Thermodynamics: Structure


Thermodynamic Identities

Summary Thermodynamic Identities

Definition of F, G, H

Suppose that F = U - στ. Then when we take the differential, we need to remember to use the product rule. We obtain:

dF = dU - σ  - τ 

Now, we can substitute in the Thermodynamic Identity to obtain:

dF = - σ  - p dV + μ dN

Notice that F is a function now of τ, V, and N. By adding the term - στ, we were able to swap two of the variables, σ and τ. We call F the Helmholtz Free Energy, and we will soon see why it is useful.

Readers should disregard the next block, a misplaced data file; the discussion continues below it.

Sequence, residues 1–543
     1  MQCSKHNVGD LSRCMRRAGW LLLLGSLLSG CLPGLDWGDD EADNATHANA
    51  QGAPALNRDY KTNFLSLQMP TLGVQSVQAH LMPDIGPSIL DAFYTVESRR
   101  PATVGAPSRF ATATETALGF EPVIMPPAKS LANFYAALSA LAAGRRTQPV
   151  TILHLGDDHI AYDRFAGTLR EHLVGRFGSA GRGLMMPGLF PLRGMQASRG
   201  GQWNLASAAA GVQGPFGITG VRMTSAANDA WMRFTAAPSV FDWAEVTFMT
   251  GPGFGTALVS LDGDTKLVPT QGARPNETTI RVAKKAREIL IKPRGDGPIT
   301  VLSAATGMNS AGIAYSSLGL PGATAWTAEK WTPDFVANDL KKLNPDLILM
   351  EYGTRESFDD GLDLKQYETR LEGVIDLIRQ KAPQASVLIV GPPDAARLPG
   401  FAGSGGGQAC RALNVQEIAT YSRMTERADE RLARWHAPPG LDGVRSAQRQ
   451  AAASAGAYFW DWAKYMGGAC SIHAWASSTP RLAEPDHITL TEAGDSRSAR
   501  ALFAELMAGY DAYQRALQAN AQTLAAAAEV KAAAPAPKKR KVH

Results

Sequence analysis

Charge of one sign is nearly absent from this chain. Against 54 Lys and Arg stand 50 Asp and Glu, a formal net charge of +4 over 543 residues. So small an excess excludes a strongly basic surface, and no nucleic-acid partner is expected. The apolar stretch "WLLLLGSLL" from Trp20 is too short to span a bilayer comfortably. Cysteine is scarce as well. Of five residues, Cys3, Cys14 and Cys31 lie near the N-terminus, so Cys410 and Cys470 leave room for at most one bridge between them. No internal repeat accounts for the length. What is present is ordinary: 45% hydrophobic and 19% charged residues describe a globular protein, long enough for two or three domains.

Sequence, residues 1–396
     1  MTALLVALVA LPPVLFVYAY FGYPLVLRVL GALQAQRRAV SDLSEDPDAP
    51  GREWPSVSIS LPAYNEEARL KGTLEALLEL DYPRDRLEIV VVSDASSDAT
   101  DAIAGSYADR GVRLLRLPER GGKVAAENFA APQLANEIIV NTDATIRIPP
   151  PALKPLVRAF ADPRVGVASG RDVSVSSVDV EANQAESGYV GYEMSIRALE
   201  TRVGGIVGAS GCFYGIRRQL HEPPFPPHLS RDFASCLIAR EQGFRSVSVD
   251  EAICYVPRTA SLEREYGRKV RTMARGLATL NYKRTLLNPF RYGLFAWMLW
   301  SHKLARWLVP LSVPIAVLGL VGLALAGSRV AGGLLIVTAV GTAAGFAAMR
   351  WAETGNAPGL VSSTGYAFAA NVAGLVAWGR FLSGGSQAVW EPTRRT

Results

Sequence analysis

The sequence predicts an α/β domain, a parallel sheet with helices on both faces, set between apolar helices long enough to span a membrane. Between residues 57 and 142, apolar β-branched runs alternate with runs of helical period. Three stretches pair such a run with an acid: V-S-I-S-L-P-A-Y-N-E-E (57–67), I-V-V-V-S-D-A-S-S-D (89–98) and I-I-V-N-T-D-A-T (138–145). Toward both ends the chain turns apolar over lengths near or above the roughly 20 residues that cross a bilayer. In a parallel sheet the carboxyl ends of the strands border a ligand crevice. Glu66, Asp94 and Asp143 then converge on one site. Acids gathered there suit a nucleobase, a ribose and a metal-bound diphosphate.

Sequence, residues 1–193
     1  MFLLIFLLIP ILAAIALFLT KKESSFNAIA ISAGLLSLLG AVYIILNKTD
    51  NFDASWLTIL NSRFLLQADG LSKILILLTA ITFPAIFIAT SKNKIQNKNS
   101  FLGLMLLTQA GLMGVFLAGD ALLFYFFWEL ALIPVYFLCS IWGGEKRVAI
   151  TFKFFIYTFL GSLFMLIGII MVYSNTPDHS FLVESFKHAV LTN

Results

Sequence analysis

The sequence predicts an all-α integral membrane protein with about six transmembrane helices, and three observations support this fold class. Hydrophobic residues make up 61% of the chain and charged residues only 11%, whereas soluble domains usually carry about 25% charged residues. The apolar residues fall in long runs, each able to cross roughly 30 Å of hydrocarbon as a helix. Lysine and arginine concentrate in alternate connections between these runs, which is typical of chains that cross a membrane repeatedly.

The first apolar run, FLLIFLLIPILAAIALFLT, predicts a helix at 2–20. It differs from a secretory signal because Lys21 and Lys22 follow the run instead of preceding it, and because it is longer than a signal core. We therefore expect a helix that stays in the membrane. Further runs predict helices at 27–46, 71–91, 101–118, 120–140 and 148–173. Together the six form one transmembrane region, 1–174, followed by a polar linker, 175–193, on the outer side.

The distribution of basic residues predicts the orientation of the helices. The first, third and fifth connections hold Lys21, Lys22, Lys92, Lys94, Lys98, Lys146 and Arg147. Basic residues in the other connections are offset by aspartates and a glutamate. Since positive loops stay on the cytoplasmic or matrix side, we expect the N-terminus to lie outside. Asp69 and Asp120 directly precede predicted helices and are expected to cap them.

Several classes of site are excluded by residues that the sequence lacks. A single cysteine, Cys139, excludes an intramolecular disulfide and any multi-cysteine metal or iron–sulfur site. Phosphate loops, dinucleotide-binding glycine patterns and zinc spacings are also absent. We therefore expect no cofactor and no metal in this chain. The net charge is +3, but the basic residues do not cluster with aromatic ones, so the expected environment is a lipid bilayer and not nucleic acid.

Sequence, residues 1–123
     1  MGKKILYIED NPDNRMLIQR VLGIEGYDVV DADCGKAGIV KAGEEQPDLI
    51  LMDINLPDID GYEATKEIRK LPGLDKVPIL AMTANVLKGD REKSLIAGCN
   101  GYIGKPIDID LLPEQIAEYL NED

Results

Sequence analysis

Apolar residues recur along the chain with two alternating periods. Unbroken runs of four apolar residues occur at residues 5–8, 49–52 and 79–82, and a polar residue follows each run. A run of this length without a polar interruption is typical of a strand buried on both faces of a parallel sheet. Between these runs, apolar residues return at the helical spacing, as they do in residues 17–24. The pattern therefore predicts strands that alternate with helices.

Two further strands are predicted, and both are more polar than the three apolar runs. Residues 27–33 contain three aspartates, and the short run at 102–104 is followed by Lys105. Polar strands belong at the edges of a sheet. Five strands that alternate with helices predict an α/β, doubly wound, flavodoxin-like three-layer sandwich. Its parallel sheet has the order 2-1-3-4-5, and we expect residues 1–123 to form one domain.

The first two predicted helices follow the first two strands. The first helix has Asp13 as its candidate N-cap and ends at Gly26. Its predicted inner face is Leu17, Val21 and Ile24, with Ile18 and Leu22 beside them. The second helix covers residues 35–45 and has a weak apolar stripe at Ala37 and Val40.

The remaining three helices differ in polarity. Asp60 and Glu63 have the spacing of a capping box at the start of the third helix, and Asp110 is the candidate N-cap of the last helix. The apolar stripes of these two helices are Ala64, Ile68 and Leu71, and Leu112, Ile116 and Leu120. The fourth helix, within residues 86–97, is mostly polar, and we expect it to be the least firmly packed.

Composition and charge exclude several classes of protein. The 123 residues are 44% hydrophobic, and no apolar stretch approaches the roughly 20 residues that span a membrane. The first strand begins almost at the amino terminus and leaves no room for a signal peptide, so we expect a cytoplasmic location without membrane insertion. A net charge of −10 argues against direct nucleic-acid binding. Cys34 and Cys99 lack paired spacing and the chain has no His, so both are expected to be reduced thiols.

The quick mind will realize that we could define 6 such energies in total, by successively swapping all of the variables. It turns out that we'll only be interested in two more. The Enthalpy, H, swaps p and V. We write H = U + pV and obtain dH = τ  + V dp + μ dN. We also define the Gibbs Free Energy by utilizing both of these swaps. Letting G = U + pV - τσ, we obtain dG = - σ  + V dp + μ dN.

We say that the energy of any of these types is a function of the variables that appear as differentials. Remember that the terms that are not differentials can be defined in relation to those that are.

The relationships between the energies are summarized in the following figure.